Blogging A-Z: Calories

Someone holding a card that reads calories.

Calories in and calories out. That’s the age old advice of nutritionists. It’s still the advice we’re given in the UK. It seems sensible that since a calorie is a measure of energy that goes into the body, it needs to be equal or less than energy used. But are all calories the same? This is something I’ve started to explore as part of my own weight loss journey.

We’re told to measure calories, keep fat intake low, eat five fruit and vegetable portions a day and eat a reasonable amount of protein. Preferably not hight in fat and not red meat. Carbohydrates – bread, cereal, potatoes, rice and pasta give many calories within our western diet. But these carbohydrates are often processed. Much of my recent reading points to the concept that eating too many of our daily calories through this kind of carbohydrate intake is damaging.

Eating processed food causes an insulin response in the body, and stores any excess as fat. Straight after you feel hungry again, craving more of the same. Next you try to lose weight and restrict calories, making the body think it is being put into a state of starvation. Finally the metabolism slows down to keep those calories around for longer.

This article tells us that fat is not the enemy, processed carbohydrates are. While recent (pandemic related) events have blown me a little of course, I am seeing results. I’m worrying less about fat content and more about the quality of my meat and vegetables. I’ve found that the fewer starchy carbohydrates you eat, the fewer you actually need. The cravings for sugar go away too, once you don’t eat it.

I just need to start to follow my own advice again.

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3 thoughts on “Blogging A-Z: Calories”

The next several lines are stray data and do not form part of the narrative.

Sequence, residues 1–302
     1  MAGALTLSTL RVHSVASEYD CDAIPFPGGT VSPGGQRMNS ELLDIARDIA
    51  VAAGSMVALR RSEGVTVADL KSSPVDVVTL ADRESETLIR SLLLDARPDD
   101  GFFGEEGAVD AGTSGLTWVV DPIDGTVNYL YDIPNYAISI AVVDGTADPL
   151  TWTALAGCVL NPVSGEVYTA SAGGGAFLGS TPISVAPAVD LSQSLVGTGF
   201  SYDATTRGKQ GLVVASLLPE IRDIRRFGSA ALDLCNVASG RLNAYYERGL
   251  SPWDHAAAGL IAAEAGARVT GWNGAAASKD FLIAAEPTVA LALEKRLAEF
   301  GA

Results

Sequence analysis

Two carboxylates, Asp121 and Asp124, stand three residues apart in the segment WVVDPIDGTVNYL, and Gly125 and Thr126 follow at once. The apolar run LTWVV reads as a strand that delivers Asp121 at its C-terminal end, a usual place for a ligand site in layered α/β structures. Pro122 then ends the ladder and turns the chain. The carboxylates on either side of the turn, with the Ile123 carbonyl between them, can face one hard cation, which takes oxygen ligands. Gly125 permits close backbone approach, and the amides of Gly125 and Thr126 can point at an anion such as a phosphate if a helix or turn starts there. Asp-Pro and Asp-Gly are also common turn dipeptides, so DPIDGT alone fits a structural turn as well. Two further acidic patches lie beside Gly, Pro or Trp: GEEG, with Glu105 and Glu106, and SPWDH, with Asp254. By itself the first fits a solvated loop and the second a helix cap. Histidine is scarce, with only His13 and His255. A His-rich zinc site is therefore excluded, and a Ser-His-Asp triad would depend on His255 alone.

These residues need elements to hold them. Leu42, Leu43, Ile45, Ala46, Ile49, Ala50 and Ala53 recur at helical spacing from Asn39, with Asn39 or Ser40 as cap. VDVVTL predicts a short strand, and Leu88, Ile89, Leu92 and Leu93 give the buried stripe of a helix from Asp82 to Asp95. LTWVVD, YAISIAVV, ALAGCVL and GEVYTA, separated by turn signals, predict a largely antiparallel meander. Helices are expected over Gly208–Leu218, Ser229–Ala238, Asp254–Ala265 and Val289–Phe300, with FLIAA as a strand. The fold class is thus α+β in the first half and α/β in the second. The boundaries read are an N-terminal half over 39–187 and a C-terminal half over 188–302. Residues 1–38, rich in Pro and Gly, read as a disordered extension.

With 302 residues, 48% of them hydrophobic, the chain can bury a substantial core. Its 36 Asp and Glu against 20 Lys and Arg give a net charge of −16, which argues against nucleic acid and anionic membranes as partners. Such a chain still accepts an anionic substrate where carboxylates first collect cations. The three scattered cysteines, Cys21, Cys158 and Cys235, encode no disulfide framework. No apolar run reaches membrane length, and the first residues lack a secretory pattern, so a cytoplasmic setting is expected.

1. When I dropped my weight back in 2017, I did it by counting calories. I didn’t worry overmuch about *what* I ate, because I had excellent self-control about maintaining the calorie number, and since I didn’t want to feel hungry, I ended up just naturally eating things that balanced out my diet.

    While I agree that the types of calories are important, as they all burn differently in your system, I find that – for me – it’s distracting and disheartening to have to do too much of the “Oh, was that too many carbohydrates?” questioning and “Oh dear… I don’t think I ate five servings of veggies today” types of ‘organization’.

    I’m curious to see how many people are going to come out of this pandemic a bit plumper. Calories in should be the same as calories out to *maintain* weight — but most folks are working from home (not me! I’m ‘essential’ so I’m working, but I can’t do my work from home) and/or have lost their access to gyms/parks/places-of-exercise, but are not necessarily consuming less food. Comfort eating is a big thing. So that, combined with the sedentary nature of “stay at home” orders…

    *shrug*

    It’ll be interesting.

    (And those who aren’t eating their calories may well be drinking them!)

    1. It most definitely will be interesting. Exercise has a limited effect on weight as such, but comfort eating and not exercising may well turn into a big issue. I worry as much about the effect on people’s mental health through.

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